There’s something magical about putting pen to paper. Writing seems to spark connections, creativity and collaboration in a way that, even in the midst of the technology revolution, typing on digital devices doesn’t touch. Maybe that’s because research shows writing in the digital age improves learning retention, can improve our mood and engages networks in our brains, such as the Reticular Activating System (RAS) which filters information and directs attention, that typing doesn’t.
Regardless of the reason, in a world saturated by smartphones, tablets and laptops, notebook sales are on the rise. A favorite among many, the Milan-based notebook producer Moleskine saw a double digit increase in sales in 2016. This begs the question, in the age of digital, why are writing surfaces still so valuable?
PolyVision talked with Bill Livengood, Director of Surface Sales to dig deeper into this question and learn more about the power of writing surfaces.
PV: Why in the age of digital is the physical act of writing so important?
BL: The physical act of writing engages the brain in important ways. Cognitive mapping indicates that the act of writing (forming words and images) engages the mind and senses in a different way than typing on a keyboard or electronic device. Writing helps stimulate creativity and retention. It is not a choice between digital or analog, but a combination of both that forms effective learning and collaborative environments.
PV: Do you think creativity and retention when writing are tied to the increase in notebook sales? Why do you think Millennials and Gen Z are increasingly going back to pen and paper?
BL: Absolutely! Millennials and Gen Z are driving this trend. This may seem counterintuitive since they grew up in the digital age, but there is something satisfying about going to a meeting and taking notes, or writing a “to-do” list and crossing off each task once it is completed. Using a whiteboard to share thoughts and ideas during a teaching or collaboration session provides an experience that technology cannot duplicate. That is why so many whiteboards are in classrooms, conference rooms, and boardrooms around the world.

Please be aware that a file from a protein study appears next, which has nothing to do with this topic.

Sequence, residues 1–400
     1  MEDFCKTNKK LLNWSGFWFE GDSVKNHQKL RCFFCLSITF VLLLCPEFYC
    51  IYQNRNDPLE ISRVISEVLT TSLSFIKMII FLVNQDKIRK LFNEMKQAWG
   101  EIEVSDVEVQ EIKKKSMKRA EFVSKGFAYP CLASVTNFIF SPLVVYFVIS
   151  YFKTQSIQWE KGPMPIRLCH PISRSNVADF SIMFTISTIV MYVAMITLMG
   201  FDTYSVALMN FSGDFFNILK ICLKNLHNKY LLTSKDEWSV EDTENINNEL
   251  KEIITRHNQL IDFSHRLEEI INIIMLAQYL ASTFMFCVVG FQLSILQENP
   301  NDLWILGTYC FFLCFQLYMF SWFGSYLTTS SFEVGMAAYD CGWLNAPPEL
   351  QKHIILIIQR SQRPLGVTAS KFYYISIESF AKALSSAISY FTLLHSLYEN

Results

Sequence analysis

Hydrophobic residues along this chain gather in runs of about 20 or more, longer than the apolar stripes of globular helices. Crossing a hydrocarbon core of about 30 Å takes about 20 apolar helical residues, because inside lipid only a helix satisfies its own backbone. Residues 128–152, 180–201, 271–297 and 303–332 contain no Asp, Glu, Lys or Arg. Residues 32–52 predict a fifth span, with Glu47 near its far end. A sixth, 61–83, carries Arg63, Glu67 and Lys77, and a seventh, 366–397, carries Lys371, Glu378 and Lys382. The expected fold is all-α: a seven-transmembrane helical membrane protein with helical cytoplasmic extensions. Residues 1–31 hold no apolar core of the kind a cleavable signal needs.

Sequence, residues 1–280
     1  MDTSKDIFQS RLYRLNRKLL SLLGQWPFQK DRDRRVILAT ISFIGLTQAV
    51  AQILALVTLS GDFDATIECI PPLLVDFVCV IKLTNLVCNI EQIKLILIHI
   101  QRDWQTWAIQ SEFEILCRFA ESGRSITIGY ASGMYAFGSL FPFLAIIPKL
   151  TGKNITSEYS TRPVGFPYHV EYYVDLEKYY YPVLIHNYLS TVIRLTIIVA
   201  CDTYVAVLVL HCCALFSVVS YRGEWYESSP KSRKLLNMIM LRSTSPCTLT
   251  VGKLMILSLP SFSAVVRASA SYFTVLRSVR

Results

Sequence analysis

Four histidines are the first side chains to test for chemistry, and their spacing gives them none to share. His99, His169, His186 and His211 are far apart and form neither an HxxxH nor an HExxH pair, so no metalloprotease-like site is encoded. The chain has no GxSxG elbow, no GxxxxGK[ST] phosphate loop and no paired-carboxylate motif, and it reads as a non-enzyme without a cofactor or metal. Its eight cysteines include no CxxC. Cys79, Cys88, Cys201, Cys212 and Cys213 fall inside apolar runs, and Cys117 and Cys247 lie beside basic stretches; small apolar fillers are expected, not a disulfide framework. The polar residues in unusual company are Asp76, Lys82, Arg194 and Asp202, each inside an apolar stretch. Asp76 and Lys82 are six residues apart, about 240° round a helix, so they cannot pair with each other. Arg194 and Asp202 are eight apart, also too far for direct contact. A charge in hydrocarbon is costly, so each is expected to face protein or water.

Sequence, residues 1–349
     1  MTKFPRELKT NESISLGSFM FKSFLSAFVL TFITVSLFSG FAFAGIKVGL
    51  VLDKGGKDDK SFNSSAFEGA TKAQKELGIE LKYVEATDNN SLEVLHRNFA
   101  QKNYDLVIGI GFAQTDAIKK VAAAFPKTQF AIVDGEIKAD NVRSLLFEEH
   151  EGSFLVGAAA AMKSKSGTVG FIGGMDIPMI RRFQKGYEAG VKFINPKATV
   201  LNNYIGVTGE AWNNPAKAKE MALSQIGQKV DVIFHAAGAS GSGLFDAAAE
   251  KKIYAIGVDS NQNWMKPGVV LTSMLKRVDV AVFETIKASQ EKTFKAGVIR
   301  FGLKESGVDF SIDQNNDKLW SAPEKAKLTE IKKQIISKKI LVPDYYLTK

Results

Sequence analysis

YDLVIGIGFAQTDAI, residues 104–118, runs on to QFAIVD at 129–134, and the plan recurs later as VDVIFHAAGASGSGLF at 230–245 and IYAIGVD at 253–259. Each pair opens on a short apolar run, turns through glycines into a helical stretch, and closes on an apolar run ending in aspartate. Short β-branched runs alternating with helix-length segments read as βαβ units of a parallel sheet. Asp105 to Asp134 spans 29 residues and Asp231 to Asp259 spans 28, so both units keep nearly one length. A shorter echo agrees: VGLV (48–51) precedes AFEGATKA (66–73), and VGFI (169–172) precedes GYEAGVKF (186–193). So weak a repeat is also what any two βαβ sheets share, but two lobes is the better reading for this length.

PV: When most people think of vertical writing surfaces, they think of whiteboards. Why is this, and what other options are there out there for writing surfaces?
BL: Writing surfaces are part of our earliest learning experiences. Most classrooms, from kindergarten–12th grade to higher education, and corporate conference and training rooms use whiteboards. Some teachers still use a chalkboard, but most everyone in a traditional classroom settings uses a whiteboard as part of the learning experience.
A “whiteboard” is a generic term, and as with most products, there are multiple options. Typical options include boards composed of glass, painted steel, melamine and CeramicSteel.
PV: What are the top qualities someone should be looking for when selecting a writing surface?
BL: There are several factors to consider, but I’ll narrow it down to eight.
- Durability: the ability to withstand heavy use over time and resist wear, breaking and scratching
- Visibility: the ease with which the reader can read what is printed on the surface
- Writability: how smoothly a marker glides across the surface
- Erasability: how well the surface can be erased
- Magnetic: the capability to use magnets on the surface
- Projection: the ability to see projected images on the surface
- Value: the usefulness of the product to the user over an extended period
- Environmental Impact: the ability to be safely produced and used, recycled or composted, featuring an environmentally sound production process
PV: Talk to us more about visibility. How important of a factor is visibility in learning and collaborative environments?
BL: Visibility is a key factor to consider when choosing a writing surface. Some whiteboards are simply more visible than others. For example, look at the two images below. The same words are written on two different surfaces. The image on the left is a CeramicSteel whiteboard. The image on the right is a glass whiteboard. Notice the difference in the reader experience?
The text on the glass board is not as visible. The translucent nature of the surface is subject to reflection and glare causing distractions and potentially eyestrain to the user. Compare this to the image on the left. The CeramicSteel surface is clearly more visible and it is much easier for the observer to focus on the words rather than competing images caused by glare and reflections.
Think about a student in a classroom, or a member of a collaborative team involved in an all-day brainstorming session. Which surface would you want to look at for an extended period?
PV: If you had to pick the best writing surface, which one would it be and why?
BL: It is all about the user. If the qualities mentioned earlier are the most important factors to the user, CeramicSteel is the obvious choice. Yes, it’s my opinion, but it’s also backed by research. When you consider the lifetime warranty, the functionality of the product, combined with the factors mentioned earlier, CeramicSteel is clearly the best writing surface on the market today.
PV: Thanks, Bill! Very insightful.
BL: You’re welcome!